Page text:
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Tuesday, May 30, 2023

Australia at Global Plastics Treaty negotiations in Paris #INC2

The second meeting of the Intergovernmental Negotiating Committee (INC) of the Plastics Treaty will take place from 29 May – 2 June 2023 in Paris, France. Often referred to with the hashtag #INC2. The first meeting convened 28 November - 2 December 2022 at Punta del Este, Uruguay, which I reported on. The aim is to complete negotiations by the end of 2024 and create a global, legally binding plastics treaty. 

Australia's Environment Minister Tanya Plibersek is attending the conference, representing Australia.

The blogpost will be updated frequently over the next week.

Importance of funding active transport infrastructure in Merri-bek budget to 2027

Separated Upfield Bike Path past Moreland Station
On behalf of Climate Action Merribek I sent in a submission to Merri-bek Council on their draft budget 2023-2027 on May 19. You can read the CAMerribek submission in full: Major backtrack on active transport projects in Draft Merri-bek Council Budget jeopardizes Climate Targets.  

Tonight, 29 May 2023, I fronted before Council Budget committee to speak to this presentation. There were a substantial number of submissions on Council Budget, evidently more than half focussed on the need for funding for more active transport infrastructure as a priority with many people opting to speak in person or online to Council on their submission.

My speech is below. As I only had 2 minutes to deliver, I excised a few paragraphs as marked with brackets, and still went slightly over..

There were some excellent presentations from citizens from Glenroy, Fawkner, Coburg North, Coburg, Brunswick West and Brunswick highlighting different facets of the problem, often with personal stories.

I have also included key findings of a new Climate Council report on Decarbonising Transport which support my presentation arguments and that of the CAMerribek submission.

Tuesday, May 23, 2023

Logging Native Forests in Victoria to end by 1 January 2024, saving 14 million tonnes of carbon by 2030

Cudos to Premier Dan Andrews and the State Labor Government who took the giant step of announcing the end to native forest logging in Victoria by 1st January 2024. The State Government announced an extra $200 million in funding for transition of affected workers and communities in the 2023/24 budget.

In October 2022 the Victorian Forest Alliance and The Tree Projects published a report which found that an immediate end to native forest logging could prevent 14 million tonnes of carbon emission by 2030. 

 Key facts from the report:

  • Native forest logging in Victoria emitted around 3 million tonnes of carbon in 2021.
  • Emissions from native forest logging are equivalent to the annual emissions of 700,000 cars.
  • Regrowing forests on average only ever hold up to 50% of the carbon of the original forests before they are logged again.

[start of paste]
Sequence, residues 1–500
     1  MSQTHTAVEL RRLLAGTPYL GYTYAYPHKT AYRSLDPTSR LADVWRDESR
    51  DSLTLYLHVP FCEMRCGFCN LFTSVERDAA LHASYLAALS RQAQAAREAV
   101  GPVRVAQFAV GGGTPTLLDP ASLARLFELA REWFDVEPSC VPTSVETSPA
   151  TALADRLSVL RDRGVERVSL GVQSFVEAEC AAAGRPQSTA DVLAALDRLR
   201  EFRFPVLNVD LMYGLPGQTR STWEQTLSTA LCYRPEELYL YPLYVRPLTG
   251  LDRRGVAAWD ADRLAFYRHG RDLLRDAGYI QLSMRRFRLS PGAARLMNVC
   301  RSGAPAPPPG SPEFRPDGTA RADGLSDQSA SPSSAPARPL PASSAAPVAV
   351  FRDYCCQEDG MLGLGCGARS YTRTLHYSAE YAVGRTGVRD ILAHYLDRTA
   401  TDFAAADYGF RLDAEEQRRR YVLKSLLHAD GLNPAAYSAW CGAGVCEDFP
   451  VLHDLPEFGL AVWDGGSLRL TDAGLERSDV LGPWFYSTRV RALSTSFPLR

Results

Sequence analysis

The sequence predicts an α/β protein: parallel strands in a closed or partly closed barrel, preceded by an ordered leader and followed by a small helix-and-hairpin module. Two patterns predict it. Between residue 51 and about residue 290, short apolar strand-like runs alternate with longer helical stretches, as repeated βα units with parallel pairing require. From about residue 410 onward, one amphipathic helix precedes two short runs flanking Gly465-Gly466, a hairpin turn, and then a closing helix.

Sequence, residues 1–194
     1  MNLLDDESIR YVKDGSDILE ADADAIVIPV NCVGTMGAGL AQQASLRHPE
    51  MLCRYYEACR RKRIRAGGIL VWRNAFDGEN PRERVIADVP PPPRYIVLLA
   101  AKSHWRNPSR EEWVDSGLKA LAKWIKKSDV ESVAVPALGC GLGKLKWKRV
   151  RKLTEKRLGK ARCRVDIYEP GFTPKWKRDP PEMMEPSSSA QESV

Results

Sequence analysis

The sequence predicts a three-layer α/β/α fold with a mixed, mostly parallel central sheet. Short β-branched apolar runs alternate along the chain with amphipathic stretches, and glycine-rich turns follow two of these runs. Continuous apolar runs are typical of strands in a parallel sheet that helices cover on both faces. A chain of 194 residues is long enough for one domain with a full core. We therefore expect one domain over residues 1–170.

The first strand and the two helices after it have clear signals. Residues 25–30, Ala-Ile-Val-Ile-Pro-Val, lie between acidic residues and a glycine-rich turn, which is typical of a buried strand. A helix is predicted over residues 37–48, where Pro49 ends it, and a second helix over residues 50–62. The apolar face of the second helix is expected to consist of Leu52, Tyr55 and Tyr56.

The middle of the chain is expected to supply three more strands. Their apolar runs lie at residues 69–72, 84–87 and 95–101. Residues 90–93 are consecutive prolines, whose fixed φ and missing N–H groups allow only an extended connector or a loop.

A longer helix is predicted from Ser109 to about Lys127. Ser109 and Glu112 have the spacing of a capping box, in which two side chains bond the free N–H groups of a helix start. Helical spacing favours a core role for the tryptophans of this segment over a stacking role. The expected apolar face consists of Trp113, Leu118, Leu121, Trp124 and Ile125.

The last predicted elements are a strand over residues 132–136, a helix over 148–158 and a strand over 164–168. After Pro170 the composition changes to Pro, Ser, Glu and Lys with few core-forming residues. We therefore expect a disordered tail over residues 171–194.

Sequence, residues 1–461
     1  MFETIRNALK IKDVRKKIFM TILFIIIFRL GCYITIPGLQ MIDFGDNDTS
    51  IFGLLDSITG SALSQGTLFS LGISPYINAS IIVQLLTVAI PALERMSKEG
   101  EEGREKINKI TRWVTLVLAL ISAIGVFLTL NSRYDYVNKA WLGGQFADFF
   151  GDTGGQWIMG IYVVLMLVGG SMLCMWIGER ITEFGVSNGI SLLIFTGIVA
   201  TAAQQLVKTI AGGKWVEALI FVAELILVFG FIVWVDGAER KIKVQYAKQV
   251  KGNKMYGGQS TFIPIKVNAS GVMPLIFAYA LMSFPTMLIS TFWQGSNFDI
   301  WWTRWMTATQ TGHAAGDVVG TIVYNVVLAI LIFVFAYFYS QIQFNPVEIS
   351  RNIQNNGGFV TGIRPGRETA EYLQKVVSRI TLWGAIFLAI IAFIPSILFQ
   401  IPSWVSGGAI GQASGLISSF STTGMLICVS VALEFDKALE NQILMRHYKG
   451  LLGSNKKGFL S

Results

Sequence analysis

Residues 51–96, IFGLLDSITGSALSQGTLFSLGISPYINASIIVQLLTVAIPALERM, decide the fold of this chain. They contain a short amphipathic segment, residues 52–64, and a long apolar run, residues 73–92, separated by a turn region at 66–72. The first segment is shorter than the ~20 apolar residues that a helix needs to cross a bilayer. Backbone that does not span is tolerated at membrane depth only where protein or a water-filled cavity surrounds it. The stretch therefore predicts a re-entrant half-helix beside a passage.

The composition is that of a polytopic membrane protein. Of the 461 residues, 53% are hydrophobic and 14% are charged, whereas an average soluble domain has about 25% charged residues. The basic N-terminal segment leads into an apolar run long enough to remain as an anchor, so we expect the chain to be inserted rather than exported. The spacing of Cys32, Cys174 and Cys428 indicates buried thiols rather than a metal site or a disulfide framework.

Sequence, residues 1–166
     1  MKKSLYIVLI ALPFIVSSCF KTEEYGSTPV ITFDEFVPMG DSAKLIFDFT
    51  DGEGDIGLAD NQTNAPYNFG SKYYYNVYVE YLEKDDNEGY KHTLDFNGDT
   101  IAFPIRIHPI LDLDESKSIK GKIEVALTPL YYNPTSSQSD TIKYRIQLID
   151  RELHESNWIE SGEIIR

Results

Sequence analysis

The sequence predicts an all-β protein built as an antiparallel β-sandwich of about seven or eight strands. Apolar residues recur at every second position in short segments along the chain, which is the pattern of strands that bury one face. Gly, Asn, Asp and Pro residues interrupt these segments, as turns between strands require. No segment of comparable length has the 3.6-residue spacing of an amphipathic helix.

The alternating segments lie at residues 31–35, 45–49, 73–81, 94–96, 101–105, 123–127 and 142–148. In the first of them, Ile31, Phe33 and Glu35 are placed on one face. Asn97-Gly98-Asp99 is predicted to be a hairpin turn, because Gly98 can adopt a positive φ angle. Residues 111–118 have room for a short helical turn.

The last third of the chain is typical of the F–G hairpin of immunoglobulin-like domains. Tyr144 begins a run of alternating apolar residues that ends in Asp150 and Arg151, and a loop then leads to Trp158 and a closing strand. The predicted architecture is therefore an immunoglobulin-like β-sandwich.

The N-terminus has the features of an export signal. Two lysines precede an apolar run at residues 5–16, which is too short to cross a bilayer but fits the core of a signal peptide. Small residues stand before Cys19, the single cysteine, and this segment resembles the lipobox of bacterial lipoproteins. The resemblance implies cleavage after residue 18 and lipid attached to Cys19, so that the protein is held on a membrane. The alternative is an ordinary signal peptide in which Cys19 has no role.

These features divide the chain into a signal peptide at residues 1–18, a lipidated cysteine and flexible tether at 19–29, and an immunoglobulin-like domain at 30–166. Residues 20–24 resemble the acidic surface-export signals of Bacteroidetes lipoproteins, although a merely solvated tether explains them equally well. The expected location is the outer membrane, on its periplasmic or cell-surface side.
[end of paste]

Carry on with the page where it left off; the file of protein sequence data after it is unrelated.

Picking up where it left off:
• Close to 90% of Australia’s wood now comes from Australian plantations.
  • Logging plantations produces 60% less carbon dioxide emissions than the logging of native forests.
Transition is always difficult process, but it can bring new opportunities in Land management and conservation of the forests, and for recreational and tourist opportunities. It also helps guarantee the purity of Melbourne's water supply. It opens up roles for indigenous knowledge in land management, conservation and for managing bushfire threat.

We are likely to see the creation of a Great Forests National Park that many conservationists and scientists have called to be established.

Submission on Synthetic Turf to Moonee Valley Council for JH Allan Reserve

The following submission to Moonee Valley Council was made 22 March 2023 regarding a plan to redevelop JH Allan Reserve, including a proposal to turn open space natural grass sports field to a synthetic turf soccer pitch. 

I followed my original submission with an addendum on 4th April due to new information before the consultation closed.

Even during that short time period a new scientific review and new research had become known regarding the threat of airborne microplastics, with synthetic turf implicated as one source for airborne microplastics. 

The redevelopment of JH Allan Reserve in Keilor East  was identified in the Moonee Valley Soccer Strategy presented to Council meeting in September 2022. The strategy identified opportunities to improve sports infrastructure at J H Allan Reserve. 

Upgrade to lighting using new energy efficient LED sports lights to the eastern sports field is under consideration to improve evening use and minimise light spill and glare.

Repurposing of the western sports field natural grass currently used as a cricket oval and open space to a synthetic turf soccer pitch is under active consideration. 

Once again we see Soccer driving the push for synthetic turf, without a consideration of possible alternatives, including new research on improved natural turf surfaces providing increased capacity.

"At this stage, no scoping or design work in relation to this potential development has commenced." said Moonee Valley Council. "initial estimates based on similar recent projects indicate this development would cost between $4-$5 million."

After 7-10 years the synthetic turf matting and infill will need to be replaced. Current cost for a soccer pitch synthetic surface replacement is $750,000 (Estimate for Clifton Park 2023/24 Merribek Council Capital Works Budget)